1)  Duration of mandatory rehearsals and performances (termed “services”) is predictable for typical work on the job site; however, individual private practice (at home or in a studio) is generally necessary for preparation in advance of and between services. On-site services are typically 2 1/2 hours duration with rest periods of 15 minutes at the approximate midpoint of the service.    Typically, playing is not continuous during the work sessions, hence the 5 minute estimate in item #6. Between periods of playing during work services, the musician is typically in an alert “rest” posture with the instrument in the lap.
2)  Duration of private practice varies considerably and the intensity, frequency, duration, and rest periods of private practice are not regulated except by the discretion of the individual musician as necessary for preparation of material in advance of, and between, services.
3)  Walk on a level (typical) or uneven (occasional) surface. Inability to walk can be accommodated, if necessary.
4)  Ability to climb onto performance platforms (“risers”) of approximately 24 inches in height using stair steps of 8 inch risers; maneuver body physically between and around music stands and instruments without bumping stands or instruments. Inability to climb steps may be accommodated, if necessary.
5) Sit for periods of up to 90 minutes. On very rare occasions (four times annually or fewer), may need to sit for periods of up to 2 hours.

Violinist physical job requirements:

1)  Typically, for repeated periods of time up to approximately 5 minutes each separated by brief (less than a minute) rest:
a.  Use of left hand and arm to hold and support a violin typically weighing approximately 16.2 ounces in a position extending outward from the collarbone and chin while simultaneously using left hand fingers to rapidly move and precisely position fingertips independently or simultaneously (e.g., one or more than one of four fingers pressing downward on strings (made of gut or perlon core wound with silver wire) that are under tension so that the length of the string that is free to vibrate is shortened by the finger pressure on the string as held fast against a firm wooden surface; simultaneous with the finger pressure, the wrist or arm moves in an oscillating motion to create “vibrato” or regular pulsating change of pitch; and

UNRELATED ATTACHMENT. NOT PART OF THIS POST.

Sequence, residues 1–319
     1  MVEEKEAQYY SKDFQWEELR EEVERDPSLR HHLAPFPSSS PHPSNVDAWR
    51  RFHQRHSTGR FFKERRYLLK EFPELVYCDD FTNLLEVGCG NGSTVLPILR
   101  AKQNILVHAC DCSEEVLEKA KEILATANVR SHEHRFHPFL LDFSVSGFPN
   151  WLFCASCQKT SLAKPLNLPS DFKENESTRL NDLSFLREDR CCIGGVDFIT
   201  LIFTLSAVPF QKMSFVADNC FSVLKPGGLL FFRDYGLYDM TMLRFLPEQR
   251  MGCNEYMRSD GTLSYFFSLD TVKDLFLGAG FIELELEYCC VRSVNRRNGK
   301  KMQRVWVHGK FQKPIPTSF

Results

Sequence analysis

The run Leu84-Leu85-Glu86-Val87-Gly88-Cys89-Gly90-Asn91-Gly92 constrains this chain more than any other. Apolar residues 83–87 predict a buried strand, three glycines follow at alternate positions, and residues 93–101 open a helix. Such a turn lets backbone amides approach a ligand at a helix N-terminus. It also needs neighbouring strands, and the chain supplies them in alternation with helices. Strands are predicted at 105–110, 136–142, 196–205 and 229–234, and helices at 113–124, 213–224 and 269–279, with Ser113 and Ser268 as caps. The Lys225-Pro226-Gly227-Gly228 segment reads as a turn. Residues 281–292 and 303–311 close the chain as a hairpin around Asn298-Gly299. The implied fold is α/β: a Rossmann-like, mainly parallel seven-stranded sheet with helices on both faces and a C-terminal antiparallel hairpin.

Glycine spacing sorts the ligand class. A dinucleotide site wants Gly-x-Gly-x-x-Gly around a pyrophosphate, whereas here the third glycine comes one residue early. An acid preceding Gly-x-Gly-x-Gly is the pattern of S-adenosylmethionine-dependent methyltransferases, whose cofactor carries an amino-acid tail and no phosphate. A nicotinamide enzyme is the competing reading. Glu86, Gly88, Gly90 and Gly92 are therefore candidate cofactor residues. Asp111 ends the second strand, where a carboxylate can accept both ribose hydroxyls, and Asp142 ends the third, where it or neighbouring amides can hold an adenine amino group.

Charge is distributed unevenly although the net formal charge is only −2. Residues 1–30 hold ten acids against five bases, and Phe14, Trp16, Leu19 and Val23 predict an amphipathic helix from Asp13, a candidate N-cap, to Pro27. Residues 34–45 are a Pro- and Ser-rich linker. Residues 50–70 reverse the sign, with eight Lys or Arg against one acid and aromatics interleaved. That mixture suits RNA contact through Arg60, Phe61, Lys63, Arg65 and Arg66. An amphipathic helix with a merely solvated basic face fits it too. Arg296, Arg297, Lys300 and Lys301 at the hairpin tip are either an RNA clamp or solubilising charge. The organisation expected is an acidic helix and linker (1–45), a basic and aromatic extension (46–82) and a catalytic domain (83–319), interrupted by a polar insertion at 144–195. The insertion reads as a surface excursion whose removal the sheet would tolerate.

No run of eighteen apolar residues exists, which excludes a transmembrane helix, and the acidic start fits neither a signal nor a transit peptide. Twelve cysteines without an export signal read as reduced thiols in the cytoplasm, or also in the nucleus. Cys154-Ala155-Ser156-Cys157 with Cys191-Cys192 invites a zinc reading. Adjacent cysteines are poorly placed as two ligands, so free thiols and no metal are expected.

b.  Use of right hand to hold a bow of approximately 29 inches in length and weighing approximately two ounces at the frog (where the bow is gripped by the hand) ranging to about one ounce at the tip while applying downward pressure that ranges from simple gravity of the bow’s weight to about two pounds of pressure from the right arm while simultaneously moving the bow across the strings of the instrument in a controlled and deliberate manner for producing a variety of required and specific effects with variances of speed, pressure and angle. The bow is held and moved at an angle by arm and wrist motion with the elbow away from and to the side of the body in positions that may range from the elbow being at the height of the waist to the height of the shoulder and the movement or path of the bow describing arcs and spirals.
2.  Lift from a resting position (with the instrument on the lap) to a raised position (playing position) holding a violin weighing about 16.2 ounces in a position in front of the body with some of the weight resting on the collarbone or shoulder (with elbows bent and arms extended) so that the hands are approximately 12 – 16 inches in front of the collarbone depending on the required pitch.
3.  Ability to reach forward with hand and arm (primarily left hand and arm) to turn pages of music on a stand approximately 3 1/2 feet in front of the body.
4.  Ability to read music accurately at a distance of approximately 3 1/2 feet in front of the body.
5.  Ability to hear and discern subtle sound differences of pitch, timbre, and volume and adjust pitch, timbre and volume to conform to requirements of individual part performance.
6.  Ability to hear, understand and comply with oral instructions given at a moderate volume.
7.  Ability to discern subtle time-specific cues and adjust vibrato speed, bow pressure and speed, and finger manipulation so that entrances, rhythm and ensemble performance conform to the required timing of performance.
8.  Ability to attend rehearsals and performances on a generally consistent basis for each distinct program as each performer in the violin section is relied upon to perform an essential part.    Accommodations are made for occasional illnesses or injuries by the engagement of substitute musicians.
18.  Typically, all players of the same section may be required to play “in unison” meaning that all will play the same notes at the same time. On occasion, parts are distinct or a single section may be divided into two or more subsections playing different music at the same time (called “divisi”).